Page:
"A painting beneath a wasp nest must be older than the nest, and a painting on top of a nest must be younger than the nest," Mr Finch said. "If you date enough of the nests, you build up a pattern and can narrow down an age range for paintings in a particular style."
Lack of organic matter in the pigment used to create the art had previously ruled out radiocarbon dating. But the University of Melbourne and ANSTO scientists were able to use dates on 24 mud wasp nests under and over the art to determine both maximum and minimum age constraints for paintings in the Gwion style.
Scientists put the Gwion Gwion art period around 12,000 years old.
"This is the first time we have been able to confidently say Gwion style paintings were created around 12,000 years ago," said Ph.D. student Damien Finch, from the School of Earth Sciences at the University of Melbourne. "No one has been able present the scientific evidence to say that before."
One wasp nest date suggested one Gwion painting was older than 16,000 years, but the pattern of the other 23 dates is consistent with the Gwion Gwion period being 12,000 years old.
A team of archaeologists discovered previously unknown prehistoric wall carvings in a cave in northern Spain, some of which are believed to be 15,000 years old. Among the carvings are depictions of horses, bulls, and deer, as well as more abstract patterns, all of which are carved into a stretch of the Cave of Font Major, a nearly two-mile-long system of caverns located 60 miles outside of Barcelona.
Some 25,000 years ago, a circular wall of bone and ivory rose like a macabre mirage from a snowbound plain 500 kilometers south of present-day Moscow. The ring—built from the bones of at least 60 mammoths—was thought to shelter people living on the treeless expanse during the coldest part of the last ice age. Now, a new study reveals the ring, discovered in 2014, is 12.5 meters in diameter—likely too large to have been roofed. Archaeologists also failed to find any remains from animals other than mammoths, making it unlikely that humans lived there for any length of time.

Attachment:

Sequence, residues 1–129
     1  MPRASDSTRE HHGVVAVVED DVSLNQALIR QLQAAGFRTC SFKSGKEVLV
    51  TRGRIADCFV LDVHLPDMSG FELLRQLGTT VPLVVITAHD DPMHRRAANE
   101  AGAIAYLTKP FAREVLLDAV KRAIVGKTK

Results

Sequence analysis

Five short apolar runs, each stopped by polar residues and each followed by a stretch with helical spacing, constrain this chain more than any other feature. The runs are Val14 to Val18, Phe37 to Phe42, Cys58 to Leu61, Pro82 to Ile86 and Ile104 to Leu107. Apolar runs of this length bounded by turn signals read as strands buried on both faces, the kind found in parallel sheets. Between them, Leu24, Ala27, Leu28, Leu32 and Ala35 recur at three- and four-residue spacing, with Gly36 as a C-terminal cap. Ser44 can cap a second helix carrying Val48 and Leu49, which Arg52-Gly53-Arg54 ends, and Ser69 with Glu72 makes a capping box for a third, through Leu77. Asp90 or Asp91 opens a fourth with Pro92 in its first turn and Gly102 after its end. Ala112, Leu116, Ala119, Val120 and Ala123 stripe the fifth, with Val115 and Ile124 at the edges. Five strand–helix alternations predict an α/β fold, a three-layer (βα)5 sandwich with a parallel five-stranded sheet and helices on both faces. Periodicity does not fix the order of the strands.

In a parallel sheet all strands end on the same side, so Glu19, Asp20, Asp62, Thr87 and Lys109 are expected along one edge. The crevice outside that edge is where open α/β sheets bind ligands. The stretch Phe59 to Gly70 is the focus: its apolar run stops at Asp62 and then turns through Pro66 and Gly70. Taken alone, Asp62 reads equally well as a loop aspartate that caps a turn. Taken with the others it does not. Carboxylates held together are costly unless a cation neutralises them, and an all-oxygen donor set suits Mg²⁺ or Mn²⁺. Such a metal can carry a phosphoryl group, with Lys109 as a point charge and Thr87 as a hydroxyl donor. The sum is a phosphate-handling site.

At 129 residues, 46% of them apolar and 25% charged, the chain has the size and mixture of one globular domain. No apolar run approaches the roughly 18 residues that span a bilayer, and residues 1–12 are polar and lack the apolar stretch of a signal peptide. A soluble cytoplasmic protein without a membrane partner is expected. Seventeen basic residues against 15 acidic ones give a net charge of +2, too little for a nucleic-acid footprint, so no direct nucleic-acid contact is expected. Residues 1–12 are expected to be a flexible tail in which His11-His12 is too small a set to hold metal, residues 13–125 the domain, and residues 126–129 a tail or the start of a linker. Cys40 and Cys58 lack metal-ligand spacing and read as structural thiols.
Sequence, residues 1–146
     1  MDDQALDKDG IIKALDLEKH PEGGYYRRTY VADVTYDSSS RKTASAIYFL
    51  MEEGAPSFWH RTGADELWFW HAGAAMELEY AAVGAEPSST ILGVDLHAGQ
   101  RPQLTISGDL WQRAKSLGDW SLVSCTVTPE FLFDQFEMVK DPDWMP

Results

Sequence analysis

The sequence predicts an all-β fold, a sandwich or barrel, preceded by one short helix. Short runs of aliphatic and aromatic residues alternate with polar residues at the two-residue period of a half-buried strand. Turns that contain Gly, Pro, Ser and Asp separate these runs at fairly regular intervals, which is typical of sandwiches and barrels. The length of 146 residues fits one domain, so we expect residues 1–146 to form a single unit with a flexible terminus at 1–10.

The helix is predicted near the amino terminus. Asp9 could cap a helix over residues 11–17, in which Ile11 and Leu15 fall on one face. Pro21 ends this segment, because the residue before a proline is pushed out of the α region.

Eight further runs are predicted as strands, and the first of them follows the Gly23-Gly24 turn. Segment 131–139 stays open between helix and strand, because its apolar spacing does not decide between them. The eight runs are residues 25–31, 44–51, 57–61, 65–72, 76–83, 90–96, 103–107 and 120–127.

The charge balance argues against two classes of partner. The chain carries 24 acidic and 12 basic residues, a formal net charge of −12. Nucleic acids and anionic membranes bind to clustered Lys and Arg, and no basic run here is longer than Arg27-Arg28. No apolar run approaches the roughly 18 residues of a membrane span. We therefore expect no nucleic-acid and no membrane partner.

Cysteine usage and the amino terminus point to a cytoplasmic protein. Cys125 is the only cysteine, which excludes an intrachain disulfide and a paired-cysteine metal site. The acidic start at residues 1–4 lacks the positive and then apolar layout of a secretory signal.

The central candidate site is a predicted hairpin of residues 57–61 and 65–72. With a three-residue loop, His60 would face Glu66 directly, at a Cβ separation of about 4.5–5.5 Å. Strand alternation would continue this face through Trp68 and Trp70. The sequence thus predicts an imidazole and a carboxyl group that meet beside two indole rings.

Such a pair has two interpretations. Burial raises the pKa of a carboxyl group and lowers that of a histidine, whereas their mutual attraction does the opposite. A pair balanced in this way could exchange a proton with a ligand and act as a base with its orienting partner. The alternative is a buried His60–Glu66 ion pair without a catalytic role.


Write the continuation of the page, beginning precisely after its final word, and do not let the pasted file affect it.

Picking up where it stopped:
The ring, found at a site called Kostenki, is the oldest such structure found in Russia. It’s about 3000 years older than two similar, smaller mammoth bone rings found at the same site almost 40 years ago.
Although it’s not clear why nomadic hunter-gatherers would have built such a permanent, labor-intensive structure, most scientists assumed they assembled it from mammoth bones because the region had precious few trees during the ice age. So it came as a bit of a surprise when workers at the site sifted out hundreds of bits of charcoal, dated to about 25,000 years ago, from the soil.
Hello 2D Person Below wrote: »
Siberia must be a treasure trove. Imagine what we'd find beneath all that snow and ice.
Few enough were innocent in the past, few enough are innocent in the present, we just don’t know why yet.
Adam Khor wrote: »
Incredible cave paintings from the Pleistocene discovered in the Colombian Amazon stretch for about 8 miles and depict what appear to be both extant and extinct animals including equids, gomphotheres (elephant-like beasts), and what could be a giant ground sloth, among others.https://www.theguardian.com/science/2020/nov/29/sistine-chapel-of-the-ancients-rock-art-discovered-in-remote-amazon-forest?utm_source=dlvr.it&utm_medium=twitter
Wibbs wrote: »
Are there new sculptures found AK, because the above ones were found around 90 years ago.